"Thomas Lubanga came and held a meeting here," Ms. Agoyo says, sitting in a neighbor's house on the western side of Bunia. "He said all children older than 10 should come for military service. Families who resisted would be considered enemies. Those who didn't agree were sliced with machetes."
Agoyo and her neighbors say they told ICC investigators about the fear they had when they saw children armed and vengeful, and about the families killed when Lubanga's militia raided their neighborhood.
But across town, where most of the residents are of Lubanga's ethnicity, people wonder about the ICC's focus.
Jean Paul Dhelo works at a rehabilitation center for child soldiers.
He says that he knows young boys who were in Lubanga's militia, but says he knows plenty of children conscripted by other militias, too.
"We welcomed children from all those armed groups," he says. "And in each group there was a leader. There should be other leaders who are arrested."
Mr. Dicker, of Human Rights Watch, says his organization has heard many complaints about the court unfairly targeting Lubanga – a sentiment that has made Bunia and surrounding areas dangerous for ICC investigators and those who cooperate with the court.
"There's a concern that the ICC is biased, or at least applying justice selectively," says Dicker.
Detaining suspects a tough issue
The ICC will probably face similar questions about selective justice – and logistics and security obstacles – as it moves into other war-torn countries.
But there will also be another, arguably greater, challenge for the ICC: actually detaining its suspects for trial.
Because it has no marshal service or enforcement authority of its own, the ICC is often powerless to act on its warrants, especially in ongoing conflicts.
Some people also say that without effective enforcement, the Court can actually exacerbate some conflicts by scaring the accused into more entrenched positions.
In 2005, for instance, the court charged five Ugandan rebel commanders with crimes against humanity. But Ugandan officials have been unable to arrest the men, and many involved in Ugandan politics – including Betty Bigombe, a former cabinet minister who has been mediating peace-treaty discussions – criticize the ICC warrants as undercutting peace efforts.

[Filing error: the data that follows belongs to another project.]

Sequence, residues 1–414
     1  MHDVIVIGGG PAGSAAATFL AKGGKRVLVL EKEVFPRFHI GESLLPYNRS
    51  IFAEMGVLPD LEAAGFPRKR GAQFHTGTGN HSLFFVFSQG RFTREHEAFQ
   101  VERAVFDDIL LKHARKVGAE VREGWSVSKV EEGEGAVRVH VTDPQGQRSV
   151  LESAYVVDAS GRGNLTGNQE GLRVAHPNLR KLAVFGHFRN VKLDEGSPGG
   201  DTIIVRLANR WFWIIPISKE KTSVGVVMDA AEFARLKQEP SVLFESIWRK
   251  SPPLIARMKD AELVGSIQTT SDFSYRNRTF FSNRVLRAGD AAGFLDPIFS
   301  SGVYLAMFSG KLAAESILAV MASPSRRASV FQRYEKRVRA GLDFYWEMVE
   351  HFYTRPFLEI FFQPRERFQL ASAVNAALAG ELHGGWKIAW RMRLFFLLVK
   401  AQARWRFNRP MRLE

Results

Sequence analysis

"It was her view and the view of other people that if indictments are issued against the leaders ..., then there would be no incentive for them to enter a peace agreement," said Richard Goldstone, chief prosecutor of the international tribunals for the former Yugoslavia and Rwanda, at seminar about the ICC in South Africa last year.
The situation in Uganda has prompted much debate about how the ICC should coordinate with countries that might want to grant amnesties for the sake of ending conflict.
Back in Bunia, Agoyo says she wonders why these foreigners are still so concerned about Lubanga. More important, she says as her neighbors nod in agreement, are daily concerns such as access to water. After years of war and instability, infrastructure in this dreary city of about a quarter-million is poor to nonexistent, and people still must walk to a distant, dirty stream if they want to drink or bathe.
Analysts agree the court's actions will mean little if development concerns such as Agoyo's are not addressed.
The tensions in Bunia, says Dicker, are no surprise. "We have to understand," he says, "that as important as it was to bring the court into being, it will not be a panacea."